But seeing as how a friend was doing this FOC, I couldn't pass this opportunity up. I was liking the dark colors at first but i wanted to go past the reliability of a dark color. It seemed like I was taking the easy way out, but I also didn't want some flashy, metal flake, covered machine.

Thanks Jerry!!

The handle bar mounts are something that I attempted to build but I don't have the tools (bridgeport) to fabricate something like this in a timely fashion. I built a pair of really ghetto ones, took the dimensions, drew up some technical drawings and had the machined by a family friend. they work and look amazing, while using the original top clamp from the BSA.

Thanks Noble Wildman (yes, his last name is Wildman) If only his first name was Wolfegang.

TriEye8
01-08-2011, 11:43 AM
Hey all, Its been a bit since I updated this thread but here we go. I still have to clean up the wiring and button up the project here and there but this is how she stands as of yesterday. Let me know what you think of redesign thus far, Im interested to know.

Once I get everything fine tuned I will do a more thorough post on the final bike.

Josh

Speedfiend
01-09-2011, 3:31 PM
I really like what your trying to do. I'm a fan of this build not a hater. And I don't normally post crits. I really like this build cept for one thing. That front wheel is killing it. Maybe find a spoked wheel, a little larger, to match the radius of the fender better.

Otherwise, very cool.

Edit;
On second thought, find a way to use the ninja rear wheel to match the front. And re-radius the front fender. Prolly match the mono shock/ modern front end better anyway.

TriEye8
01-09-2011, 9:52 PM
Speedfiend, I hear what you're saying about the front end, there is definitely something distasteful going on up there. I personally don't mind the size difference in wheels but the front fender radius is awful to look at. It looks much better even without the fender, which may be an option.

Thanks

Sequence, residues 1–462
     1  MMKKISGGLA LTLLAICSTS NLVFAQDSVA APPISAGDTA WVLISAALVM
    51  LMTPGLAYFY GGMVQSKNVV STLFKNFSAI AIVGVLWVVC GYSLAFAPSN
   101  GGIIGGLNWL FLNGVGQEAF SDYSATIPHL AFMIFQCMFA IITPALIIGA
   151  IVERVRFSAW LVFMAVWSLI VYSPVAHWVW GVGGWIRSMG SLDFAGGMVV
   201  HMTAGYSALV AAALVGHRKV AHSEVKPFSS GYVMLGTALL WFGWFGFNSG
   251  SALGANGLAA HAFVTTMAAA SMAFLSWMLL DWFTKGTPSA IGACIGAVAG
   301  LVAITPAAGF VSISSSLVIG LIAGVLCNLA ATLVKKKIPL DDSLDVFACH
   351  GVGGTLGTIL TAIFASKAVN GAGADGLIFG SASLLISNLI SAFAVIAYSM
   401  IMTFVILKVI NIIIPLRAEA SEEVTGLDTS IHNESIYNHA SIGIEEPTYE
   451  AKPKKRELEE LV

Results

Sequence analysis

I was starting to think I was posting to dead air, its good to get feedback and hear others opinions. I dig your purple BSA, I appreciate how refined and well thought out it looks.http://i305.photobucket.com/albums/nn211/lamoreuxh/100_0627.jpg

billdozer
01-09-2011, 11:45 PM
I really like what your trying to do. I'm a fan of this build not a hater. And I don't normally post crits. I really like this build cept for one thing. That front wheel is killing it. Maybe find a spoked wheel, a little larger, to match the radius of the fender better.


I agree, the mag and off-radiused fenders are killing it. Lose the front one, mount the rear to the subframe. Ditch the eyebrow thingy. Some good looking tires would change a lot too.

Just my two cents. I applaud your enthusiasm.

TriEye8
03-26-2011, 3:26 PM
Heres my buddy JJ sitting on the bike. You can get a better idea of geometry in these photos. Im hoping to get some nice pictures taken in the next few days, so keep an eye out.

alexzen
03-27-2011, 12:30 PM
cool project. I got my ID degree at UIC.

TriEye8
07-06-2011, 7:57 PM
This bike has been a great bike to ride in the city cause Its agile, lightweight, torquey and pretty loud, its definitely turned a few heads and begged a few questions. I took it down to a british motorcycle meet a few weeks ago in Auburn, Ma. First off there were some amazing motorcycles there from tritons, to trident triumphs. to, my favorite of show, the matchless.
Long story short, I received "Most Technical Interest" award and was pretty elated the rest of the day. I got a lot of remarks about it's good to see a young guy still building using the technologies of yester year. And I said "how could I not?!" "they had the best looks to start with"

Enjoy

TriEye8
07-06-2011, 8:35 PM
http://www.youtube.com/watch?v=-I4YMZrueUY